Aron Warner, Philip Gelatt and Brett Weldele deliver a story about what seems to be misfits on a space station sent up to die. It’s not a bad plot, but Warner and Gelatt are so busy dropping hints and implying things that they don’t give us any time to care about the cast. It’s not a bad book but one hopes they’re going to spend a little more time making us care about the cast in the future. Worth reading if you want some offbeat SF.
A homicidal AI built into an android that looks like a van designer from the ’70s? What could possibly go wrong? Dan McDaid has a lot of fun with the art, here, and Tommy Lee Edwards and Noah Smith tone down the ’80s nostalgia enough that they have an actual plot instead of a string of references, admittedly a quite goofy one. It’s a solid book, but it may be a little too offbeat for some readers.
The Shadow: Masters Series #1
Andrew Helfer and Bill Sienkiewicz deliver a pretty engaging take on a pulp classic character in this reprint. Sienkiewicz’s art is, of course, a big draw here. Helfer’s script is overly wordy, but the story is interesting and Sienkiewicz really elevates the proceedings. Worth a look for pulp fans.
X-Files: Conspiracy: Transformers
Yes, they really crossed over both the Transformers and the X-Files. It’s a talky issue, unfortunately, with less action than there really should be. On the other hand, it also has Langley and Bumblebee screwing around and declaring each other ninja buddies. So it’s kind of hard to feel too unkindly towards it; if you love either property, or both, it’s worth picking up.
Ed Brisson and Emilio Lasio explain why, exactly, RoboCop was RoboCop and not RoboSoldier. The plot twist is unfortunately fairly predictable, but the book itself is fairly solid overall. Not essential reading, but a good addition to the mythology nonetheless.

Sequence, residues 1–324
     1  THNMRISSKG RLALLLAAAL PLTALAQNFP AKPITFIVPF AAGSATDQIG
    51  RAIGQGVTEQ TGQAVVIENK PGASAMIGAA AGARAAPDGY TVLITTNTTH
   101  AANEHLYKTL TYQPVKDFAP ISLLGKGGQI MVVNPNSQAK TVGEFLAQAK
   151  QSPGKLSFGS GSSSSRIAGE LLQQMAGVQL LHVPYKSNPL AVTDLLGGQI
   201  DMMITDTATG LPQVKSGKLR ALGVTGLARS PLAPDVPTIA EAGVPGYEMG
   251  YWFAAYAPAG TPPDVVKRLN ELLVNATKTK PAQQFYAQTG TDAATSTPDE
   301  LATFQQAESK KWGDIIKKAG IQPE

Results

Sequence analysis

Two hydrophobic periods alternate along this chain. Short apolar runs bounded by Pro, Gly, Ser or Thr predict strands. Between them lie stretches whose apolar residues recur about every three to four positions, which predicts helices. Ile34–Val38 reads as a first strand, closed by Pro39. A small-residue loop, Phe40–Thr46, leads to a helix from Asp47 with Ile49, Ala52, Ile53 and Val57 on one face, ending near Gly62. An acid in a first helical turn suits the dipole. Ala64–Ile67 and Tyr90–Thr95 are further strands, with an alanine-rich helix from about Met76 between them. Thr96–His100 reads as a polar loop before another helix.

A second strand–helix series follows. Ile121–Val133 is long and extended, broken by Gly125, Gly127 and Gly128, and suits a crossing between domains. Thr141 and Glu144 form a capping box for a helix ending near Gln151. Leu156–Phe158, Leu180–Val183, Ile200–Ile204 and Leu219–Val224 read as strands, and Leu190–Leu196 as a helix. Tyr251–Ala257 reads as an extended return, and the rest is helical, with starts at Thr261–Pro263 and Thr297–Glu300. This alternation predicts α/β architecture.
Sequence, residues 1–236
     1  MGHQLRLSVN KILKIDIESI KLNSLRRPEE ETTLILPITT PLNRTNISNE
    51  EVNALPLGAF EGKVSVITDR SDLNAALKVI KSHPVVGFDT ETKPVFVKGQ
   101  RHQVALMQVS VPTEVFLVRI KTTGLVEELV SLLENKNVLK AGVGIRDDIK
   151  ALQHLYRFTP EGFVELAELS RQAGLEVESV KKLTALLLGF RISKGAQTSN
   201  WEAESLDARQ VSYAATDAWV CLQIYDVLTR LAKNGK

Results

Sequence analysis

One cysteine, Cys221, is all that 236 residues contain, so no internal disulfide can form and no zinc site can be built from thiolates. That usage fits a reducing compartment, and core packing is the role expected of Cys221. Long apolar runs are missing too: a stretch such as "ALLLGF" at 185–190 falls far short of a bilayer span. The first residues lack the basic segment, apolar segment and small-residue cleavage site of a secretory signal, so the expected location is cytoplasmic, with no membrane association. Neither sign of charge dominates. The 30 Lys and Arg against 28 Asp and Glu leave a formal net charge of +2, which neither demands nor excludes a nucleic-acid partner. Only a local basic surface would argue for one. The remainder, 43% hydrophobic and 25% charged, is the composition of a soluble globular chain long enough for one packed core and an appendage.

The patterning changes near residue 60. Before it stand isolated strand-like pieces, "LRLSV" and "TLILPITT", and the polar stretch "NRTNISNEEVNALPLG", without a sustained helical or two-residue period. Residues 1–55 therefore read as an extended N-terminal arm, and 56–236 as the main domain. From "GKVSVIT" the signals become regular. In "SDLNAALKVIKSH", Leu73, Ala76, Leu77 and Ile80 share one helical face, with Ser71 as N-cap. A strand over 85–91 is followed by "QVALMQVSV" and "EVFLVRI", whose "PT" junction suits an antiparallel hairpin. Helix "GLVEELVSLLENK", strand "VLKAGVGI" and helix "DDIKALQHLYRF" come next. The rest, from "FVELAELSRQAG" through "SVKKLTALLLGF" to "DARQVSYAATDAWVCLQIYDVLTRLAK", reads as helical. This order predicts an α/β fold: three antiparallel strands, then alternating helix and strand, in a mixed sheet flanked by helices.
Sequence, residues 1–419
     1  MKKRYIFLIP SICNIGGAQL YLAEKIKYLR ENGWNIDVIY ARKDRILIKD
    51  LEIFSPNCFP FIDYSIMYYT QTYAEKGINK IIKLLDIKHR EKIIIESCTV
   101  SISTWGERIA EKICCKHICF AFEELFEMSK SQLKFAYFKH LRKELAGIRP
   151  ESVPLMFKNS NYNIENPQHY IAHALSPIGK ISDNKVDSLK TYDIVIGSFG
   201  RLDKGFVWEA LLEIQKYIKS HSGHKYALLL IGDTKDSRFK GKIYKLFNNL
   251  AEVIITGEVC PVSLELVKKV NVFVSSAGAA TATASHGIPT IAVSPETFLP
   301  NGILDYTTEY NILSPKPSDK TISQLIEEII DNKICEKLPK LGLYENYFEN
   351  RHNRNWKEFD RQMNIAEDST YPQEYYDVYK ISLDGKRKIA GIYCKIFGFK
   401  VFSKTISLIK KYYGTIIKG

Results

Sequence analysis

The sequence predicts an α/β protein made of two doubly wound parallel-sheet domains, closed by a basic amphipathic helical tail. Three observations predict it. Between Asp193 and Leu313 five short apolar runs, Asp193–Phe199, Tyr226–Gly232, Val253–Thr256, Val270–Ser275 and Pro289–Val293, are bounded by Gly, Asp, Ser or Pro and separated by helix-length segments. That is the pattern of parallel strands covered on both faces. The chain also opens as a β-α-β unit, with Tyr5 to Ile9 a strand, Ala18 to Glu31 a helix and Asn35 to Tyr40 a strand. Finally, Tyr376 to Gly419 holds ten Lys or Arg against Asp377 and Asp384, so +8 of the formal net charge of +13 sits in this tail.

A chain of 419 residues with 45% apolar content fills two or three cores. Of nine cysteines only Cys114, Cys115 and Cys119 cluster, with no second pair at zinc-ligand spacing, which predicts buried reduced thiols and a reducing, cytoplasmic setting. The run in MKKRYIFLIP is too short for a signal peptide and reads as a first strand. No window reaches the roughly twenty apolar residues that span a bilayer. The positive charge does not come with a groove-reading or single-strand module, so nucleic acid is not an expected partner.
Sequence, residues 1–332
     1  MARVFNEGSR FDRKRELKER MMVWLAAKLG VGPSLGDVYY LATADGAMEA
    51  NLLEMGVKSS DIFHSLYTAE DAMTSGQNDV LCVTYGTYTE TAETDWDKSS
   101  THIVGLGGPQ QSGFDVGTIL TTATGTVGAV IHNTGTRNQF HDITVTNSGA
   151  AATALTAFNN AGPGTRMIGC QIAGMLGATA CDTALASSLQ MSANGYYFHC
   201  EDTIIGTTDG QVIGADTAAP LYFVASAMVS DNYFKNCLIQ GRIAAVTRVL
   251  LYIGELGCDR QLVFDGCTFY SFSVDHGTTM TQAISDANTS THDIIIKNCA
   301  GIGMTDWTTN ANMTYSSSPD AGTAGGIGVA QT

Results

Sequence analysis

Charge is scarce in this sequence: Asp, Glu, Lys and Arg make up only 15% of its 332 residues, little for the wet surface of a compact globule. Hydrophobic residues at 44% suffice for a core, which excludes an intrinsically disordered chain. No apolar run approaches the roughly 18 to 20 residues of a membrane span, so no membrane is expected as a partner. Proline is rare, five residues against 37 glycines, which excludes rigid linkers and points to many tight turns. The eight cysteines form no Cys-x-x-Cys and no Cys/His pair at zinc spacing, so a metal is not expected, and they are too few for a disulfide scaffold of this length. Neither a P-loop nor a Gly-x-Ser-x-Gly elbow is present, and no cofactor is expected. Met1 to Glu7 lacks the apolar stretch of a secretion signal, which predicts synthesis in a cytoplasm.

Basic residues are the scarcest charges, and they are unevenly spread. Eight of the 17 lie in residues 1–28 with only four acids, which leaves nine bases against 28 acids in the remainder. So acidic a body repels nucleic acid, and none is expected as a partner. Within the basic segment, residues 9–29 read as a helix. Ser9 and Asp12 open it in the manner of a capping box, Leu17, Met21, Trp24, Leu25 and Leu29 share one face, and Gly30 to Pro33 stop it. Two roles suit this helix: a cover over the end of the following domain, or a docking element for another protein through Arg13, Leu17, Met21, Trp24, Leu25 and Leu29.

Bloodshot And The H.A.R.D. Corps #0
Christos Gage and Joshua Dysart get into the history of Bloodshot and the H.A.R.D. Corps, with several different artists jumping over the decades. Each story is, in of itself, a hard look at the “meat grinder” that is H.A.R.D. Corps and it’s a surprisingly melancholy collection of stories. Highly recommended.
Serenity: Leaves On The Wind #2
Zack Whedon, Georges Jeanty, and Karl Story follow up their somewhat staid first issue with… well, at least a more dramatic followup. Truthfully, this is a book entirely for the fans, and while that’s not a bad thing, by the same token it means the staff takes a few things for granted. A solid issue, but, as I said, entirely for fans of the show.
Bryan J.L. Glass and Victor Santos continue their story of a worn-out child star turned superhero, and it’s actually become a strong superhero book in its own right. This issue is all about how screwed up Cadence Lark is, and how she got that way. It’s a pretty interesting story, and it’s something unique as it handles both its topic of how police and media might react to a superhero and its screwed-up heroine with a far lighter and more thoughtful touch than you might expect. Highly recommended.
Jackson Lanzing, Colin Kelly, and Marcus To continue their story of rich guys trying to change the world through hacking. The twists in this issue are pretty easy to see coming, but the concept is still pretty engaging. Marcus To’s art could stand to be a little more detailed and sharper, but overall, it’s a pretty well executed concept.